Michigan’s Nik Stauskas, left, looks to pass as Ohio State’s Aaron Craft defends during the second half of an NCAA college basketball game, Tuesday, Feb. 11, 2014, in Columbus, Ohio. Michigan won 70-60. (AP Photo/Jay LaPrete)
Michigan’s Nik Stauskas, left, looks to pass as Ohio State’s Aaron Craft defends during the second half of an NCAA college basketball game, Tuesday, Feb. 11, 2014, in Columbus, Ohio. Michigan won 70-60. (AP Photo/Jay LaPrete)
RUSTY MILLER
AP Sports Writer
COLUMBUS, Ohio (AP) — Now the ball’s in your court, Sparty.
No. 15 Michigan did its part by upending No. 22 Ohio State 70-60 on Tuesday night, giving the Wolverines a half-game edge in the Big Ten race. Now ninth-ranked Michigan State gets a chance to pull even again when it hosts Northwestern on Thursday night.
The date to circle on the calendar is Feb. 23. That’s when Michigan and Michigan State meet in Ann Arbor with the conference trophy possibly riding on the outcome.
But there’s a lot of work to do before and after that showdown.


“As John and I were talking before the game, every night is a war,” said Buckeyes coach Thad Matta of his discussion with Michigan’s John Beilein.
Outsiders might look at the conference and say this isn’t a vintage year. After all, there is no single, dominant team hailed as a national contender.
But the Big Ten’s depth might be as good as ever. Everybody’s taking their lumps in a season in which even the bottom teams have pulled off upsets, road wins have come more frequently than ever and it seems there’s another major surprise every night of the week.
“It is great to be at the top of this conference, but we still have six games to go — with some really tough games coming up,” Beilein said.
The Wolverines (18-6, 10-2) host No. 21 Wisconsin on Saturday, then have a full week off before welcoming — OK, not exactly “welcoming” — the Spartans onto their home court.
After that they go to Purdue and Illinois and host Minnesota and Indiana.
Michigan, of course, is without big man Mitch McGary, out indefinitely after back surgery on Jan. 7.
Everybody has a tale of woe, it seems.
Already hampered by injuries — Branden Dawson is out with a broken hand, Keith Appling is nursing a wrist injury and Adreian Payne continues to battle a sprained right foot — Michigan State (20-4, 9-2) is entering its busiest part of the season.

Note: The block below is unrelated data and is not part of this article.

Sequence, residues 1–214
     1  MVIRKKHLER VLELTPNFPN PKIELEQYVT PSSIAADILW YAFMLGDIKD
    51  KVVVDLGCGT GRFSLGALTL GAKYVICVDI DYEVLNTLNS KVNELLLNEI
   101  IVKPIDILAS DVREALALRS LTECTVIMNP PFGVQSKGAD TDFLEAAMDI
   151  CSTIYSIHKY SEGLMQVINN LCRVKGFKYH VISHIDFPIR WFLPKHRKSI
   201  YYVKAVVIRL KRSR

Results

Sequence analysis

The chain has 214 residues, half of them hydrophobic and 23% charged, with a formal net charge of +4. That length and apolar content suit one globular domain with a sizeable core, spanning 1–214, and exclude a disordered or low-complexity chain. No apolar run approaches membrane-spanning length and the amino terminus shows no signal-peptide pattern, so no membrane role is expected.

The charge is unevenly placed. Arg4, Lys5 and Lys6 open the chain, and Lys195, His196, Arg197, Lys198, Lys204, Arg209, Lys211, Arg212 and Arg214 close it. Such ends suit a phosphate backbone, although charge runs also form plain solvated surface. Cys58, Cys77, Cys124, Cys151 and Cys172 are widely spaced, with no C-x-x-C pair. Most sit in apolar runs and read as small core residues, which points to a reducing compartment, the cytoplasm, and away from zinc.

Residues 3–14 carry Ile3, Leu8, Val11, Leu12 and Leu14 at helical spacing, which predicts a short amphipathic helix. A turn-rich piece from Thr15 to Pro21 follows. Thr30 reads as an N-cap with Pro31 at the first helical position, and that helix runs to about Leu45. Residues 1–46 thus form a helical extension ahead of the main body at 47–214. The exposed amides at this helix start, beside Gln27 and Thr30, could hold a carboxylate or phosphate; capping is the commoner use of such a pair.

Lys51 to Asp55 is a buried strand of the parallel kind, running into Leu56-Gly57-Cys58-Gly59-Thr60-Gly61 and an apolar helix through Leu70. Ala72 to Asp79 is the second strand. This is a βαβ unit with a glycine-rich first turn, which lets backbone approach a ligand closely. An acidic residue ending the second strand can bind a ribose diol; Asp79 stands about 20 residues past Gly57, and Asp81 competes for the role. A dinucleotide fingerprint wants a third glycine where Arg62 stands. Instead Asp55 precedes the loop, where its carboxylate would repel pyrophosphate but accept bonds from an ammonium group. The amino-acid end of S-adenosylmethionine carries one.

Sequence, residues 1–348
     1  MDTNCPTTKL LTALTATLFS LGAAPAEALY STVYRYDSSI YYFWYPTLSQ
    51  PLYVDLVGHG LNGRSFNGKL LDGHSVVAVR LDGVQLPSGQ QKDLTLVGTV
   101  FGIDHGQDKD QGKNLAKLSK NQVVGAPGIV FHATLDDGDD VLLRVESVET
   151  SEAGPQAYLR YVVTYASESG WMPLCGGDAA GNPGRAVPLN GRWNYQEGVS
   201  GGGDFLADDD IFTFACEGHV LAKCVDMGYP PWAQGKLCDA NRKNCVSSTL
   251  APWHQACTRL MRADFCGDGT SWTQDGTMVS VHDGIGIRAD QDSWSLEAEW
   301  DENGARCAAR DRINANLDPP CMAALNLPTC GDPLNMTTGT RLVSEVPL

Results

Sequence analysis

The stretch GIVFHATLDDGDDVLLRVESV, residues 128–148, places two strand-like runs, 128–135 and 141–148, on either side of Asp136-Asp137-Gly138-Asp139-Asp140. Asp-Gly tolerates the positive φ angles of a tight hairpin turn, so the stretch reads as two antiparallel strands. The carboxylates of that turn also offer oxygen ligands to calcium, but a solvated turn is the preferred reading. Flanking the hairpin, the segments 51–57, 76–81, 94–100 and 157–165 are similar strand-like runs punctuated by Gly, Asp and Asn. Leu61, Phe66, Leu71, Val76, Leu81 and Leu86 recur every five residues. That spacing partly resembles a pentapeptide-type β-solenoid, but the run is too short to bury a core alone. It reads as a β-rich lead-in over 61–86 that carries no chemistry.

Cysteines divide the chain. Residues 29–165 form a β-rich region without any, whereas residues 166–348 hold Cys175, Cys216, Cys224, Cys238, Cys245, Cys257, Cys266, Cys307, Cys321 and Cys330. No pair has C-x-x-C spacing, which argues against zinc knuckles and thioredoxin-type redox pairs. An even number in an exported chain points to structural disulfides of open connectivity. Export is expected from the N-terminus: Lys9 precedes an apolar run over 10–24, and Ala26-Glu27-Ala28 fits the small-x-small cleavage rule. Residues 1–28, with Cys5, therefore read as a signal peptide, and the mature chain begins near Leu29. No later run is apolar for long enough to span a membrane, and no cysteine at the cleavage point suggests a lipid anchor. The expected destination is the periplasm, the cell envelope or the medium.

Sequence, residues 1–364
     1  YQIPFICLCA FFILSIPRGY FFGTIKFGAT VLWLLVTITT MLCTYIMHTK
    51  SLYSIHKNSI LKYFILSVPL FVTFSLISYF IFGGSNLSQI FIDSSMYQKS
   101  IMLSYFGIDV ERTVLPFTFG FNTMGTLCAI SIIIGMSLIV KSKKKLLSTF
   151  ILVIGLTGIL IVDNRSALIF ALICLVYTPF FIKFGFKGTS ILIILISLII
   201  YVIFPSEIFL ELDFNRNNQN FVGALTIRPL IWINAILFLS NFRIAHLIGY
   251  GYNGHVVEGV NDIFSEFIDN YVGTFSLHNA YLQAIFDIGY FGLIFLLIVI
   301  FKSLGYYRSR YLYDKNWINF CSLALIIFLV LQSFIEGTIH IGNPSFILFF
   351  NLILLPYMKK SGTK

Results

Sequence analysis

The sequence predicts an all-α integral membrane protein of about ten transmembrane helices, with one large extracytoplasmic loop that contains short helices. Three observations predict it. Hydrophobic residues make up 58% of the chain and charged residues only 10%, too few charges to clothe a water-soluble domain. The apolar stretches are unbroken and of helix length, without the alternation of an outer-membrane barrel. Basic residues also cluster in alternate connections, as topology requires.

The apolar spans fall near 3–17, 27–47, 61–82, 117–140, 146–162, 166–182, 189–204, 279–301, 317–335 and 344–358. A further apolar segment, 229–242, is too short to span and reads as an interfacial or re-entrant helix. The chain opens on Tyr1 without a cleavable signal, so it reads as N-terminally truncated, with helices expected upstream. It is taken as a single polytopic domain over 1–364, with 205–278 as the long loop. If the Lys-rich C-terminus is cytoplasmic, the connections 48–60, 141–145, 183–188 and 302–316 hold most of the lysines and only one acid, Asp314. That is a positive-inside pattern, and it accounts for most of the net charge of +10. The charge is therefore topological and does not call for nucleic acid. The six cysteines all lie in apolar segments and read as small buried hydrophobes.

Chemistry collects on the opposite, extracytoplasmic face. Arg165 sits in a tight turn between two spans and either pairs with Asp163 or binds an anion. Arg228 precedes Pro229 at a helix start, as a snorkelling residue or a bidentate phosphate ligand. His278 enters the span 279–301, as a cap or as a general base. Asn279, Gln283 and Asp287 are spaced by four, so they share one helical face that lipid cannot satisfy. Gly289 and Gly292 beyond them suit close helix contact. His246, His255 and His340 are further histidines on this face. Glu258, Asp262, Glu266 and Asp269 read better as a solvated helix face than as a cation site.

Starting with the game against Northwestern, the Spartans play four games in 11 days, including that big game in Ann Arbor. They close with games against Illinois and No. 16 Iowa at home before capping the regular season at Ohio State.
“We’re down to seven games in the regular season — and it’s hard to believe,” MSU coach Tom Izzo said. “With four home games, we’ve got to take advantage.”
Iowa (18-6, 7-4) is alone in third place, two games back in the loss column. The Hawkeyes play four of their final seven games on the road, starting with Saturday’s game at Penn State.
Also on tap are trips to Indiana, Minnesota and Michigan State, along with home games against Wisconsin, Purdue and Illinois.
In a season of surprises in the Big Ten, perhaps the biggest is Michigan. With national player of the year Trey Burke and his running mate Tim Hardaway Jr. leaving early for the NBA off a team that went to the national championship game last April, the Wolverines took a big hit heading into this season.
Then McGary was sidelined after playing just eight games. Almost no one thought the Wolverines — no matter how talented the rest of the roster — would contend this season.
Instead, they put together a 10-game winning streak that included victories in their first eight Big Ten games.
Instead of a team built on one or two superstars, the Wolverines get contributions from a lot of people.
“It’s great. I don’t know if we expected this this year,” Beilein said after the win at Ohio State. “We’re watching these two kids play in the NBA right now, and they’re doing really well. And I’m saying, ‘Jeez, we’d better have made it to the Final Four last year because those were really two good players.’ Now when you have that dropoff, we didn’t know where it was going to come from.”
But Michigan has found a way.
“We’ve had some kids who have been able to sort of step up,” he said. “There’s different guys who’ve had really good games.”